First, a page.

Revolt at the Convention: Should McCain have Picked Lieberman?

With all the hoopla surrounding John McCain’s VP pick, Sarah Palin, one has to wonder: was it worth it?  Right out of the gates, scandal. It’s not the kind of scandal that is all that interesting to me, but it brings the wrong kinds of attention.  And contrasting her media reception with that of Joe Biden’s is striking.

She HAS helped to rally the base.  Social conservatives respect that she is trying to hold her family together (as they should).  But, the independents slipping even away from McCain they they already were.  She’s a wild card, much like McCain.  Either she’ll use her force of personality to greatly help the McCain bid, or she’ll sink him.  A big gamble.

There was another option on the table.  John McCain had originally wanted to pick his good friend Joe Lieberman.  However, he may not have had much of a choice in the matter.

John McCain is 72 years old, the oldest candidate nominated to a first term as U.S. President. His health has been far from perfect. If McCain were to die during his first term in office, Lieberman would succeed him. Lieberman agrees with most Republicans on Iraq and several other foreign policy issues, but on a large number of domestic issues, he is essentially a liberal Democrat. Upon McCain’s demise, the Republicans would have handed the Democrats control of the Presidency and Congress on domestic policy. There is also good reason to think that Lieberman’s judicial appointments would be far more liberal than those of the standard Republican President; indeed, he might appoint a fair number of Democrats.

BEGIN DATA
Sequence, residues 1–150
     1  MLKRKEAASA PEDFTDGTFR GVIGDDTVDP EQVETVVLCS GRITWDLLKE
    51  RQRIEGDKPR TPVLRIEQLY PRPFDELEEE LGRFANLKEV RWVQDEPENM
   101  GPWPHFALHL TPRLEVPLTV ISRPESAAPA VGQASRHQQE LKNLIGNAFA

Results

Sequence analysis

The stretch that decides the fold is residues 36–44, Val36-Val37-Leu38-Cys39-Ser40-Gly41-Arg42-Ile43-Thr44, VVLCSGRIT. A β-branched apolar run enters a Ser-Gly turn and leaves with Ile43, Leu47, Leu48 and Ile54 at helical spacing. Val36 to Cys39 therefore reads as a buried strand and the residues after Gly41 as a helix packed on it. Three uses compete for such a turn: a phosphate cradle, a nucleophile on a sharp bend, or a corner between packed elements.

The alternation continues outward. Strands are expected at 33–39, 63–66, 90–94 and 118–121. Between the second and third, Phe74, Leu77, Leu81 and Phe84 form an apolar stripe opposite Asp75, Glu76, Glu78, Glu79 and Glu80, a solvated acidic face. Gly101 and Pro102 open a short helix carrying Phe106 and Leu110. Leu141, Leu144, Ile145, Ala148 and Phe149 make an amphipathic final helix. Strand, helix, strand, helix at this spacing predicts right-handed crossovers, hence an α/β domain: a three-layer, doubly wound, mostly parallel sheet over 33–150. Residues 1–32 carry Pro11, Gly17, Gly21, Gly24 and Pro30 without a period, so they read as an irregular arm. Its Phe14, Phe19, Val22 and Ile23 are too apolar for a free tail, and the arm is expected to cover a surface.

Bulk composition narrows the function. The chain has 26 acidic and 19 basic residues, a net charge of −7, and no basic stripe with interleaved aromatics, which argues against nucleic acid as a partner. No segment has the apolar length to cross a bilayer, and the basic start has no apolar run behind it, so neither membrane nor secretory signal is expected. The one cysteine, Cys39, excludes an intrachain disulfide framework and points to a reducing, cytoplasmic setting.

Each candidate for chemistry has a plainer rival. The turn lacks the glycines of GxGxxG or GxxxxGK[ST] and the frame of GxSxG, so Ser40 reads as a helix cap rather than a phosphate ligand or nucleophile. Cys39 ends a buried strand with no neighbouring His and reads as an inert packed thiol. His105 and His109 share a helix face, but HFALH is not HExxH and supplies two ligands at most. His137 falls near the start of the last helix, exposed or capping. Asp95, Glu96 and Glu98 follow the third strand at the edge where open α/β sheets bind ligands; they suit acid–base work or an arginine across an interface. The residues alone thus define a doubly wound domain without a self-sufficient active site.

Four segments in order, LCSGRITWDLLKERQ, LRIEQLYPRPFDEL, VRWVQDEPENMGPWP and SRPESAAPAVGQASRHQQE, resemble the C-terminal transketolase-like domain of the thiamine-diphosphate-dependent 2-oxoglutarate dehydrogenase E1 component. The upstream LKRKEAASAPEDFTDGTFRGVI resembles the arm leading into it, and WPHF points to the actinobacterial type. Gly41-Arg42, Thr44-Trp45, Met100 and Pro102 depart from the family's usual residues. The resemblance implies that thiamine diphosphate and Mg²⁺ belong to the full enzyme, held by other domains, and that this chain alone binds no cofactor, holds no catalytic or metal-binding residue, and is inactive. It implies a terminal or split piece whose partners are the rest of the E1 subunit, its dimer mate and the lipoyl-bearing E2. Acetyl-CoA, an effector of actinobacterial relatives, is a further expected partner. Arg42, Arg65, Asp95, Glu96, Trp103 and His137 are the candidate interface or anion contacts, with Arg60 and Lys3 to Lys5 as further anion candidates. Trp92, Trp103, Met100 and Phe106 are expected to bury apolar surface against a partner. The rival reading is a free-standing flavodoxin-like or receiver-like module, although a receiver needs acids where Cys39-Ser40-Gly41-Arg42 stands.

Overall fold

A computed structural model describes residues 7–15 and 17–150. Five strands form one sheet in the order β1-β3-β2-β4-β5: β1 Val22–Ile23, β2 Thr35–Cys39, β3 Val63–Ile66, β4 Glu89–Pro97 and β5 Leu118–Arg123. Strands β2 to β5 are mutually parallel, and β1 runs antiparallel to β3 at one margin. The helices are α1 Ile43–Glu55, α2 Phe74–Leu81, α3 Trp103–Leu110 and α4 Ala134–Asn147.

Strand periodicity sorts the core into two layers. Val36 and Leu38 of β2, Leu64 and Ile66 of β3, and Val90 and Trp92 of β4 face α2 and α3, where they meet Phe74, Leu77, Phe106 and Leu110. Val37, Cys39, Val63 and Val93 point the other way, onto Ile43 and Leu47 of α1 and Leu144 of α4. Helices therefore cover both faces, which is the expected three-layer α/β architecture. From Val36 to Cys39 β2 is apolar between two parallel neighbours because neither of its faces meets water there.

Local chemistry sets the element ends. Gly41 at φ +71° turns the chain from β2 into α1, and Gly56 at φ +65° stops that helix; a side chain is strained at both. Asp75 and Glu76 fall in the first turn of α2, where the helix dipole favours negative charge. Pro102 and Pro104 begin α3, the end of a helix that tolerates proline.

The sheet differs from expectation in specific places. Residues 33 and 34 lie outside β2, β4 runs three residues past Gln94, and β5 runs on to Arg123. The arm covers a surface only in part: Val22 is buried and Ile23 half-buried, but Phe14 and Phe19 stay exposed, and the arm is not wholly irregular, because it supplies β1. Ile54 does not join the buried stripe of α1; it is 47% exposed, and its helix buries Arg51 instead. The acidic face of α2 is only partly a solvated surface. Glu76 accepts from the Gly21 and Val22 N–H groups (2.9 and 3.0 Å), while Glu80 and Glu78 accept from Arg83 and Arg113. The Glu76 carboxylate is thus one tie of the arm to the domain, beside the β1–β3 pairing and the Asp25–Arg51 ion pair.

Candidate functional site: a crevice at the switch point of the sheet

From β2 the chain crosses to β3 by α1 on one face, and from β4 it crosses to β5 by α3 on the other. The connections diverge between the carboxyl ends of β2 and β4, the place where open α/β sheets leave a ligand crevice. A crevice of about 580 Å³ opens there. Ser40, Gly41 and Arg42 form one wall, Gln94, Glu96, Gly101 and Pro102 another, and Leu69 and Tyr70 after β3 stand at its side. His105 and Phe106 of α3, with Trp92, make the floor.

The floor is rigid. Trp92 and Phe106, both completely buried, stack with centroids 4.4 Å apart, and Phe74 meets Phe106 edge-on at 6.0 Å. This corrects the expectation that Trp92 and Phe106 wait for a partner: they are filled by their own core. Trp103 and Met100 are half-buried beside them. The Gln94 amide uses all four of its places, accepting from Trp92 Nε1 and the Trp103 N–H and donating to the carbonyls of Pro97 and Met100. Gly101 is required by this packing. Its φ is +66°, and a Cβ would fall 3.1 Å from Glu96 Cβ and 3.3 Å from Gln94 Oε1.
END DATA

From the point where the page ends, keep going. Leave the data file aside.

Had McCain insisted on Lieberman, the Republican Party would have revolted at the party’s convention, and for good reason.

One response to “Revolt at the Convention: Should McCain have Picked Lieberman?

  1. Pingback: Bookmarks about Revolt

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